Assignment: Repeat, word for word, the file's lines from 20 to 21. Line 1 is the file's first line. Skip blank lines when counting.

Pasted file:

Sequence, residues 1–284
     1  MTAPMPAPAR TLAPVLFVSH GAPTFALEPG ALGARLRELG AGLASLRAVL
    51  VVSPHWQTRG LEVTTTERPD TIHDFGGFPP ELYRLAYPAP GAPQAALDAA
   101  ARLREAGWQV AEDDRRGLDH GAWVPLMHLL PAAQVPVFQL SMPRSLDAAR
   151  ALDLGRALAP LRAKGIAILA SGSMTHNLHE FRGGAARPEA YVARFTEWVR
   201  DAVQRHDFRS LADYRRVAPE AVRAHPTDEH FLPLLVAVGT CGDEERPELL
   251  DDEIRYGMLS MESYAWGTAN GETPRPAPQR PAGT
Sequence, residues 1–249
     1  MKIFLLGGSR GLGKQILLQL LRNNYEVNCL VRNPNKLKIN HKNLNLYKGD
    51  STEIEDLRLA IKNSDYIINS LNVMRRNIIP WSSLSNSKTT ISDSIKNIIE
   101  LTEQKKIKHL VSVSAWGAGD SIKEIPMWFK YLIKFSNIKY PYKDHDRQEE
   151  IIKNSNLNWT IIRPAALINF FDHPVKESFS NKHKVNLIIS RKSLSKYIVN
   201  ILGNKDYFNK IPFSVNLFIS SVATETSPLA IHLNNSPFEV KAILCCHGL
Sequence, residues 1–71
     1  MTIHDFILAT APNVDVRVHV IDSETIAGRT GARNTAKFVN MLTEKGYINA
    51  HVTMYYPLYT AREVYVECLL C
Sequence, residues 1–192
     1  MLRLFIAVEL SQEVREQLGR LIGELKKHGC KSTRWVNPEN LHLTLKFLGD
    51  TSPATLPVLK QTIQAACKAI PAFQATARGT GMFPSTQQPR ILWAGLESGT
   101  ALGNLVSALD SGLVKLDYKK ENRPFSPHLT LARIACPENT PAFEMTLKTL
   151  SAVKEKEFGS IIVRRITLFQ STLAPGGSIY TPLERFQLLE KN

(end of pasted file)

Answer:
   101  ALGNLVSALD SGLVKLDYKK ENRPFSPHLT LARIACPENT PAFEMTLKTL
   151  SAVKEKEFGS IIVRRITLFQ STLAPGGSIY TPLERFQLLE KN